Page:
Wellness Tips

Adjust Your Work Station and Posture
Adjust your workstation and posture. Did you know a desk job can be hazardous to your health? Sitting too much was a serious health issue in the US last year. This is a big one. Most Americans are now at the computer up to eight hours a day during work. Bad posture can lead to neck pain. The human head can weigh up to 30 pounds. As the shoulders slouch with the eyes focused on a computer screen that is not properly positioned, the weight of the head pulls on the sensitive muscles and joints in the neck, and this can lead to neck pain. Your head will likely go wherever your computer screen is, so make an attempt to lower or raise your chair while working, or keep your screen parallel with your eyes.

Protect Yourself from Whiplash or Injury
A recent study published in The Journal of Pain in February, 2014, revealed that approximately 40% of all chronic neck pain in the United States can be attributed to a prior whiplash injury. These are people who experience neck pain on a regular basis. There are over 3 million cases of whiplash in the United States every year. Ten percent of these individuals will become disabled. That’s 300,000 people a year. Some estimate for women who experience a whiplash injury, there is up to a 33% chance of developing chronic neck pain, and up to a 55% chance of developing chronic headaches.

Check Your Pillow or Mattress
The wrong pillow can cause neck pain and affect the quality of our sleep. This may worsen or intensify neck pain and other related neck conditions such as headaches, upper back pain, shoulder pain and arm numbness, or nerve pain stemming from the neck. You want a pillow that keeps your head in a neutral position throughout the night. Those who sleep on their backs need thinner to medium-sized pillows so their head is not too far forward or backwards.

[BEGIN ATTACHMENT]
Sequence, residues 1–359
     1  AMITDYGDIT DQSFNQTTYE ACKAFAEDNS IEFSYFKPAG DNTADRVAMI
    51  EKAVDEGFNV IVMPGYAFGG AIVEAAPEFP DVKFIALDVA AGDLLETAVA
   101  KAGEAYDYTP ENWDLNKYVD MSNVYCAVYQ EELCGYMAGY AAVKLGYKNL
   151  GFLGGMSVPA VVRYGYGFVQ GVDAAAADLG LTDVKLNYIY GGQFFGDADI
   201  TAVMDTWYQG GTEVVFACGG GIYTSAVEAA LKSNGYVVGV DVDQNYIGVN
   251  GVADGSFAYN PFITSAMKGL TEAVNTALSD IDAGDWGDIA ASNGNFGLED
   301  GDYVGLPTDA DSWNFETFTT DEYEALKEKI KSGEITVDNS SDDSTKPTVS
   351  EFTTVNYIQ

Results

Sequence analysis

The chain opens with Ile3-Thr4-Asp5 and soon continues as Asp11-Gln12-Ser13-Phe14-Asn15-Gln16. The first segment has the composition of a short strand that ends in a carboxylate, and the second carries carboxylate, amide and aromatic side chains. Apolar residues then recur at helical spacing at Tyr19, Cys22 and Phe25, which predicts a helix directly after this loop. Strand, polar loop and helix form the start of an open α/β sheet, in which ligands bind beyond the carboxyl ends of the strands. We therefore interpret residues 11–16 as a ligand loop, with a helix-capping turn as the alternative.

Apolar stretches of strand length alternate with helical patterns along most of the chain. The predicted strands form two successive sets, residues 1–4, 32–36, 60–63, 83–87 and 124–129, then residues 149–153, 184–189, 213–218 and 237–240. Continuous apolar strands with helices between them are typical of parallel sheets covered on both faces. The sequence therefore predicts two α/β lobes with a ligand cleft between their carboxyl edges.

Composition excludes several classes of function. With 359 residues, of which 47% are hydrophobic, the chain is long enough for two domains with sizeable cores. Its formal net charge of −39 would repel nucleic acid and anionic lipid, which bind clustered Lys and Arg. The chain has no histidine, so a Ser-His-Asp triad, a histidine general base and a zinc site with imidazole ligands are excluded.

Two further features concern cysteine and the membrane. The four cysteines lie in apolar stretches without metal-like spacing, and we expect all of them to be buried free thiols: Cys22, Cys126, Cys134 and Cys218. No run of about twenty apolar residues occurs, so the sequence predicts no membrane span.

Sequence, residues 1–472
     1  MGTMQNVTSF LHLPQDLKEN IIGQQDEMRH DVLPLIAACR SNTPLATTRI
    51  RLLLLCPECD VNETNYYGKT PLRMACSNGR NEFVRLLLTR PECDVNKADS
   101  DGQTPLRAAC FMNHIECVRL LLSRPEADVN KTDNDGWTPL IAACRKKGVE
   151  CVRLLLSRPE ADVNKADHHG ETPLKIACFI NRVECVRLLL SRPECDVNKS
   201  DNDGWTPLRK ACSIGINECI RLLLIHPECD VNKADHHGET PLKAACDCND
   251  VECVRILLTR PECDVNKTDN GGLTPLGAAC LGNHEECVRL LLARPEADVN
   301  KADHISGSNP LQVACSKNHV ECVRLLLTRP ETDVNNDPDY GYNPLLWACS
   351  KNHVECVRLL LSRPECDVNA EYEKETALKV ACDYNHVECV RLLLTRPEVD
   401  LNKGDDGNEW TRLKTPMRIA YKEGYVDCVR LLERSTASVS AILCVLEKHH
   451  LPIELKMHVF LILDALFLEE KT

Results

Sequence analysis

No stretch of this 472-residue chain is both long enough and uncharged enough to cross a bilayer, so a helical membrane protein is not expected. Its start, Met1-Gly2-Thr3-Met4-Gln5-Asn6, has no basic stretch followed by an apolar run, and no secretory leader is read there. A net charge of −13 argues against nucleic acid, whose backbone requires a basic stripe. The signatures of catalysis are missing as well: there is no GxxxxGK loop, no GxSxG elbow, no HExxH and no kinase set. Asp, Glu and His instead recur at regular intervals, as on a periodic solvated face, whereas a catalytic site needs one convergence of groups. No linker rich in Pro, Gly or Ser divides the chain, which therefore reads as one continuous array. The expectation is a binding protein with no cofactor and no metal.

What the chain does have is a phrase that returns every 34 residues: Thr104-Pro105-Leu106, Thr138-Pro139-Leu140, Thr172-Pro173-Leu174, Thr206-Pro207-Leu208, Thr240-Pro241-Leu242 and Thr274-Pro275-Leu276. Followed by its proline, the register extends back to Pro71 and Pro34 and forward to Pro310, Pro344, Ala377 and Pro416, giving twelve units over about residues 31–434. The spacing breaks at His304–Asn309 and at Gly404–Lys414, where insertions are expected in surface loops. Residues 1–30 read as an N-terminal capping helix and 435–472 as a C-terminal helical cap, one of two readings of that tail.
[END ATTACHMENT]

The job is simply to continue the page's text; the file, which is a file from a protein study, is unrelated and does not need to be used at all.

Strengthen The Muscles In Between Your Shoulder Blades
Today’s society is facing a huge postural problem. Many of us are now spending eight to 10 hours a day at the computer. Coupled with driving and time in front of the television, we’re creating overly-flexed torsos, and this can lead to neck pain. Anthony Robbins, the great motivational guru, had a great saying when he said, “We wake up in the morning and eat our cereal from a box, then we get in our box and drive to work and sit in our box all day. Then we finish and come home and sit in front of the box at night.” As our middle back hunches, or rounds forward, the head starts to jut forward with the upper back and shoulders.
This can lead to stress and dysfunction in the neck muscles and joints, causing neck pain and other related conditions such as cervicogenic headaches, migraines, and nerve pain. To counter all the excessive flexion today’s modern spine is faced with, you can strengthen the muscles in your upper back—your spinal erectors, or extensors muscles. The muscles in your back and between your shoulder blades pull you backward and help maintain proper posture when strengthened. Your head and neck will adjust in a more neutral position, creating less postural stress on the sensitive muscles and joints in your neck.

Exercise Regularly
About 25% of Americans are affected by back pain in a given year, and they spend more time at the doctor’s office for back pain than any other medical conditions with the exception of high blood pressure and diabetes. Nearly 80% of Americans will experience a back problem during their lifetime. Number one, exercise; exercise is crucial for people with lower back pain. It increases strength and flexibility, reduces joint pain, and combats fatigue, and can help decrease lower back pain. Exercise can help you improve your health and fitness without hurting your joints.

Maintain a Healthy Weight
Overweight individuals are at a greater risk for back pain, joint pain, and muscle strain than those who are not obese or overweight. According to the American Obesity Association, episodes of musculoskeletal pain, and specifically back pain, are prevalent among nearly one third of Americans who are classified as obese. It’s more wear and tear on your back joints—on all of your joints, for that matter. Your hip, knees, spinal joints, and discs wear on each other with more pressure on a daily basis, and this leads to the joints wearing down faster.

Talk to your doctor before considering any of this information as chiropractic or medical advice.

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